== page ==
Kelley Pearson

Kelley Pearson

Name: Kelley Pearson

Where were you born and raised?
Warrenton, VA

What’s a short story around the biggest transition you’ve faced in life?
In 2007, the economy was in decline, and our executive search practice was starting to stall, with fewer and fewer projects going through to the finish line as our clients began holding off in hiring new employees.  That stall, essentially a widespread hiring freeze gave way to rounds and rounds of downsizing and layoffs.

As a single mother (another huge transition) with a mortgage and two sons in independent school with college looming, I quickly realized that I had to do something different to generate revenue/income.  Coaching appealed to me and I invested in a high level executive coaching training program and I found it to be a very enjoyable thing to be in training and to learn new skills.  But it is completely different and uncomfortable thing to have to go out and sell that, essentially selling yourself in something very new.  But I didn’t stop there.  I also managed to get hired as a large group trainer, delivering Transition Assistance Program workshops at the Norfolk Naval Station.  I also began teaching Organizational Psychology at a local college.  Public speaking had long been a thing that terrified me, but I realized that I could not take my career any further if I could not get up and speak to groups.  So I agreed to do something that would force me to do exactly that.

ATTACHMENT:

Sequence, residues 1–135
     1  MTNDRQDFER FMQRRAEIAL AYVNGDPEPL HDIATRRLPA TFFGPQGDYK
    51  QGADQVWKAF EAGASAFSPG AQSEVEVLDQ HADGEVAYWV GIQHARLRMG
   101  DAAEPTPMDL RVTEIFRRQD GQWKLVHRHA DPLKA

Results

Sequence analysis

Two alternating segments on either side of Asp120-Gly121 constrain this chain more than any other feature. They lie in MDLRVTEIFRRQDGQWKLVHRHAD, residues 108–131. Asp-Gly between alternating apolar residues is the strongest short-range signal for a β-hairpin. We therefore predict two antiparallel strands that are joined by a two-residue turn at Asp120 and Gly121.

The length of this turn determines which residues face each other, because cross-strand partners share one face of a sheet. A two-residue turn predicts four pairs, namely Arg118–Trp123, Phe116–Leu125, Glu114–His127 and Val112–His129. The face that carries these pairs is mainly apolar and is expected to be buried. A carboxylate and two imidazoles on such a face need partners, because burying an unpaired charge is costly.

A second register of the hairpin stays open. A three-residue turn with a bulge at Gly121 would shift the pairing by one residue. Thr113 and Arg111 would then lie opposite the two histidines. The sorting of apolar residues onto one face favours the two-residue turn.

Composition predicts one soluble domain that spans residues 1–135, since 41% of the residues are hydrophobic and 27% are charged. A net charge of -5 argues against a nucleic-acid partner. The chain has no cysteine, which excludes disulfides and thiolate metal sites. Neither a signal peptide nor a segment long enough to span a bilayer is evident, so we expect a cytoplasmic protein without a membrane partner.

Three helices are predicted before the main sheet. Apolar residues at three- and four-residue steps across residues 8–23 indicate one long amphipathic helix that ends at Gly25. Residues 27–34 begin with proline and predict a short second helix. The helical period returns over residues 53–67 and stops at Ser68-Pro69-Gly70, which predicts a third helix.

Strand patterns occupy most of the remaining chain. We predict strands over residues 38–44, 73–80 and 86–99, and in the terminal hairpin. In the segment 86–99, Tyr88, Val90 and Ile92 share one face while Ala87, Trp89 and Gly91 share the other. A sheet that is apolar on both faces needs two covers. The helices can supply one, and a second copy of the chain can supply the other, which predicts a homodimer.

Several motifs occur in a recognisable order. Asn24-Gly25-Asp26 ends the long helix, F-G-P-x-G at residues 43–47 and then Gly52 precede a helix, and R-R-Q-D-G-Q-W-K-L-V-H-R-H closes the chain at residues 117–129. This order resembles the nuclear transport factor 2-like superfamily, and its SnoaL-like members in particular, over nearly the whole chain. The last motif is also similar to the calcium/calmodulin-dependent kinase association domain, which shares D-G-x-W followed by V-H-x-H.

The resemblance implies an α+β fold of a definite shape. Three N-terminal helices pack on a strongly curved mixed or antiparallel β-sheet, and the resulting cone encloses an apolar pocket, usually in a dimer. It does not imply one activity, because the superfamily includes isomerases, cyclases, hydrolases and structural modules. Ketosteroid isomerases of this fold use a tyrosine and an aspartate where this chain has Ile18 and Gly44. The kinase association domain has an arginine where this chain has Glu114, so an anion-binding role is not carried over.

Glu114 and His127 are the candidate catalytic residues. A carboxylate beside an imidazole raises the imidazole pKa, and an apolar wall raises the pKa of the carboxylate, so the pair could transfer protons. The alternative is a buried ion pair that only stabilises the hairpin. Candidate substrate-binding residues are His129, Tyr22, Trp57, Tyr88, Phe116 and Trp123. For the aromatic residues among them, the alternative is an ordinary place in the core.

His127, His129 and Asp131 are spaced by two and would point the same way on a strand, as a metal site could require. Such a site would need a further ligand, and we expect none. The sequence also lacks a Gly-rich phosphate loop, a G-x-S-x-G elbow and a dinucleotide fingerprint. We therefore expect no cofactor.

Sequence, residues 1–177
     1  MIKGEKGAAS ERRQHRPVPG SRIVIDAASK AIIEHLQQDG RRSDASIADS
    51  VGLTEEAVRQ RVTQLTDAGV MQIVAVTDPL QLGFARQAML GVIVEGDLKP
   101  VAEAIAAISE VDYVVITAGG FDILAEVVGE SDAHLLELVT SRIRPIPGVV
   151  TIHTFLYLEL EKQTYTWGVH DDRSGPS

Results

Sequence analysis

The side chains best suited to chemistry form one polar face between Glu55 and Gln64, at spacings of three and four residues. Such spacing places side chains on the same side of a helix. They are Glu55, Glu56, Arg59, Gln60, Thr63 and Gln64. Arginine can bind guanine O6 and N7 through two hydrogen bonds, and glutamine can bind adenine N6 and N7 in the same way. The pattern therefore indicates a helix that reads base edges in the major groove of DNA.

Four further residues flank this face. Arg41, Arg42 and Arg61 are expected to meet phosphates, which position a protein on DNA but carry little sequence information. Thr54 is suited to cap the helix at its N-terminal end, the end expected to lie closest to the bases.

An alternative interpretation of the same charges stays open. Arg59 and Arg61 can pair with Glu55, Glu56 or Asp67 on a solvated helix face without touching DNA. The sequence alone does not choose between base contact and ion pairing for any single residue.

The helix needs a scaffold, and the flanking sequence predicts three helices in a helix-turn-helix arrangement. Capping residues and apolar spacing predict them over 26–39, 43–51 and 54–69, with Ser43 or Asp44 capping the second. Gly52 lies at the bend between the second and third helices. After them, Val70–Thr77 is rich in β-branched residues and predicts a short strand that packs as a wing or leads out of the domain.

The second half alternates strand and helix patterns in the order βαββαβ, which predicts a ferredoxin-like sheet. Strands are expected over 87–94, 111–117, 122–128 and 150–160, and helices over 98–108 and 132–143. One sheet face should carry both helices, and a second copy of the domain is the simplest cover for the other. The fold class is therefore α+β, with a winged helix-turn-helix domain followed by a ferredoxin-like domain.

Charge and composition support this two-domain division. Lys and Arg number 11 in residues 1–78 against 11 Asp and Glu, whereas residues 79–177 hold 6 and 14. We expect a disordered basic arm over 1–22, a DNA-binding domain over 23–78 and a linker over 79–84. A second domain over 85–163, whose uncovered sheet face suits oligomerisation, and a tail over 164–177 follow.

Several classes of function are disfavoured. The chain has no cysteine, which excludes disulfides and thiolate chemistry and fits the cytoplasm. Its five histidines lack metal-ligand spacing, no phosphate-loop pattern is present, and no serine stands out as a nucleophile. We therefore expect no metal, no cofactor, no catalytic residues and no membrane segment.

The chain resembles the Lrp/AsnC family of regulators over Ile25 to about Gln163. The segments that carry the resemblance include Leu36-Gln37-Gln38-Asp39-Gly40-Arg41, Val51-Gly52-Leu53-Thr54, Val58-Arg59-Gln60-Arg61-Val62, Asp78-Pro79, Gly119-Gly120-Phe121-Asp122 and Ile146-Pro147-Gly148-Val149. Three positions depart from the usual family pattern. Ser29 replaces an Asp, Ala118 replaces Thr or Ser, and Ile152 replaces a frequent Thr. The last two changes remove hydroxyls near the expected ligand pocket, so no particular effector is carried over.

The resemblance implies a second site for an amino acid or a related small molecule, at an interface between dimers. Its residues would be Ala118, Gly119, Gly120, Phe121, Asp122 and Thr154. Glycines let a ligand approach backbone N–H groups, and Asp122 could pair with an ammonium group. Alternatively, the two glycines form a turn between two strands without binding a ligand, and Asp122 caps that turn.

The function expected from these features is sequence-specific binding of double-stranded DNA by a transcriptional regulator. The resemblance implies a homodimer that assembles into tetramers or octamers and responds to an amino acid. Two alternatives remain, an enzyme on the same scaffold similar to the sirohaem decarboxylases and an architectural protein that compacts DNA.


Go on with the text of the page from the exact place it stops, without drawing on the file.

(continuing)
Between the coaching, training and teaching, I was able to weather the economic downturn as I took on more and more assignments.  Eventually I got recruited to join another executive search firm which offered me the flexibility to continue to do coaching and training if I wished.  The offer also provided me with a very necessary flexibility for personal family matters (parent with terminal illness).  I will never regret taking the opportunity to step out of my comfort zone, as it has led me to the job I have now, along with many wonderful experiences and connections with people I would not have met otherwise.

What’s the once piece of advice you’d give a younger you?
Take the college experience more seriously.  Concentrate more on the opportunities available to students to develop leadership skills, to travel, to do more practicums, internships, research; take courses in personal finance to develop a practice for managing money, investments, retirement, etc.  Concentrate less on the social environment, although that is important too.  Think forward to goals, set the steps and do the work.  Plan your path forward around “you” not “you and someone else.” Be more mature. Start practicing yoga.